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Study makes concerning findings about snowfall across the northern hemisphere: '[We] will need to take account of these changes'

"Water managers need different strategies to adapt to this, depending on their location."

"Water managers need different strategies to adapt to this, depending on their location."

Photo Credit: iStock

Our warming world is thawing snow earlier in the Rockies and the Alps while delaying seasonal river flows in the parts of the planet that are seeing less snow. A new study suggests this is linked to a higher risk of summer droughts in the Northern Hemisphere.

What's happening?

Winter precipitation is diminishing as normally-snowy areas thaw earlier. It has also been reduced because warm-season rain comes later in the year, meaning water flows in areas that see less snow are also delayed.

According to a new study by researchers in the United Kingdom, it means an increasing chance of summer droughts in the Northern Hemisphere. 

"The increased interannual variability of streamflow seasonality implies greater uncertainty in seasonal streamflow patterns, posing challenges for water resource planning and management," said the study's lead author, Dr. Ross Woods from the University of Bristol's Faculty of Engineering, in a story posted by Phys.org. 

"Water managers need different strategies to adapt to this, depending on their location. Future planning for water infrastructure will need to take account of these changes in seasonal river flow."

Why is a higher risk of drought in the Northern Hemisphere concerning?

More summer droughts would challenge water and food security and negatively impact hydroelectric power, one of the country's oldest and largest renewable energy sources.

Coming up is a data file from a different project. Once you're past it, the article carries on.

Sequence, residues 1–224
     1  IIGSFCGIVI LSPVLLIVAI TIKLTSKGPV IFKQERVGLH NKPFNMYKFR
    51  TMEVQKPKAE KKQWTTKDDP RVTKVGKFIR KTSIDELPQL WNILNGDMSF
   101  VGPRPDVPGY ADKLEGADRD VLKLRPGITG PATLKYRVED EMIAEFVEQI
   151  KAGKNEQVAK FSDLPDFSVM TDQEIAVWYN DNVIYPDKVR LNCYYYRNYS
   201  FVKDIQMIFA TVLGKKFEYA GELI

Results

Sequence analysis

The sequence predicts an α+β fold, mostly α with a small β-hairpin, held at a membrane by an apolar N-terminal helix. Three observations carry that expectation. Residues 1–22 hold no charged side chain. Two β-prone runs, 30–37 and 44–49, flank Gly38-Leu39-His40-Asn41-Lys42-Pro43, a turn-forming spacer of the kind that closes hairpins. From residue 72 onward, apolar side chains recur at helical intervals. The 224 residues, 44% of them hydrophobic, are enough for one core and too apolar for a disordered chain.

Studies have shown our warming world is changing the natural pattern of droughts. As heat-trapping gases build up in the atmosphere, the changing climate is making droughts more frequent, longer, and more intense.

According to the National Oceanic and Atmospheric Administration's National Integrated Drought Information System, more than 44 million people live in areas experiencing drought conditions. NOAA's U.S. Seasonal Drought Outlook forecasts that drought conditions will expand in large portions of the northern Rockies, central plains, desert southwest, and Midwest.

What's being done about the increasing likelihood of droughts?

The United States Geological Survey helps communities prepare for and mitigate droughts. They continue to develop tools that help assess the severity of droughts and forecast future events. They also study how past droughts compare to current ones and how our changing climate impacts the frequency and severity of droughts.

Scientists continue to make discoveries in the field of drought-tolerant agriculture production. Researchers recently uncovered a new way to "hack" plants' circadian rhythms to grow drought-resistant crops.

Finding ways to adapt to the conditions in drought-stricken areas that are becoming more common in our warming world is crucial. Developing new varieties of foods, such as potatoes and melons, that can better withstand the harsh conditions droughts bring will be vital.

We can also help lessen the severity of extreme weather events by swapping gas-powered equipment for electric options, such as induction stoves, heat pumps, and solar panels

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